“Throughout the week you’re traveling every day, it seems like. Baseball twice a week and track, but it’s worth it.”
Schuman’s commitment is so strong that he made a special effort not to let his teammates down last spring.
“He qualified for state in the long jump and did his jumps up in Grand Rapids, then he drove all the way to Kalamazoo to play in the District baseball game,” Guillean said. “That speaks volumes about who this kid is. He did his jumps at 9 a.m. (but did not advance) and made it back to Kalamazoo for a 12:15 game.”
Big shoes to fill
As the youngest of four children of Mark and Gretchen Schuman, the senior was following a family tradition in sports.
Oldest brother Matthew played football, basketball and baseball as well as competed in pole vault and wrestling.
Middle bother Christopher competed in football, wrestling and baseball.
Sister Stephanie played basketball, volleyball and softball.
“I like to say they blazed a pretty good trail for me at this high school,” Schuman said.
As for feeling pressure to live up to his siblings, “I used to when I was younger, but now I feel like I’ve made my own way and done enough things to be proud of that I’m happy with it.”
His own way led him to achieve something none of the others did.
He was named the Tigers’ Male Athlete of the Year, just the third junior to earn the boys honor over the last 25 years.
“I was very honored to win that as a junior,” Schuman said. “There were good athletes in the grade above me. I guess hard work pays off.”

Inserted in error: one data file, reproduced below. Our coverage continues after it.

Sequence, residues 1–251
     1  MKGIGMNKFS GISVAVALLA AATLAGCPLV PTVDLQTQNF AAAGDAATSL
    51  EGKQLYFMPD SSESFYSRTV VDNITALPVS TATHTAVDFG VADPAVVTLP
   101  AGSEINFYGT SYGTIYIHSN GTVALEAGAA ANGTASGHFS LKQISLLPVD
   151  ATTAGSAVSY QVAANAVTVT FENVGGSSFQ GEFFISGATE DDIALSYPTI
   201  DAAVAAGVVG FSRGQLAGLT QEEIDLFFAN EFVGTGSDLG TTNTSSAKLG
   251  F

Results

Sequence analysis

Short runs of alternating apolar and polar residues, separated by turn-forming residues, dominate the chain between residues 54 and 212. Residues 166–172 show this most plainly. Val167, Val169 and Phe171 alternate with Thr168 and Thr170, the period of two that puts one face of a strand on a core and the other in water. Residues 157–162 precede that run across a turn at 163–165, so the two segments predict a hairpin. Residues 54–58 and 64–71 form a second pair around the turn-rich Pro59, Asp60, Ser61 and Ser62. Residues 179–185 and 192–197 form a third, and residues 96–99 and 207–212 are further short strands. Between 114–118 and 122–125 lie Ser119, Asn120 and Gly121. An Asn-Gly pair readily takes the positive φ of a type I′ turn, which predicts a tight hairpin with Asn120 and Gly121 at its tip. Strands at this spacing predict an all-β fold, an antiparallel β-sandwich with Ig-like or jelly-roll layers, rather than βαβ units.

Guillean said while Schuman is “darn good at every sport here,” an athlete does not have to be a “top dog” in every sport.
“Learn how to take a back seat,” he said. “Learn how to be a role player. That will make you a better teammate and a well-rounded human being.
“Johnny has that work ethic, in the classroom, on the field, on the court, on the track. It doesn’t go unnoticed and, obviously, he’s reaping the benefits now.”
Pam Shebest served as a sportswriter at the Kalamazoo Gazette from 1985-2009 after 11 years part-time with the Gazette while teaching French and English at White Pigeon High School. She can be reached at firstname.lastname@example.org with story ideas for Calhoun, Kalamazoo and Van Buren counties.
PHOTOS (Top) Lawrence’s John Schuman has participated in five varsity sports during his first 3½ years of high school. (Middle) Lawrence athletic director John Guillean. (Below) Lawrence football and baseball coach Derek Gribler. (Action photos courtesy of John Schuman; head shots by Pam Shebest.)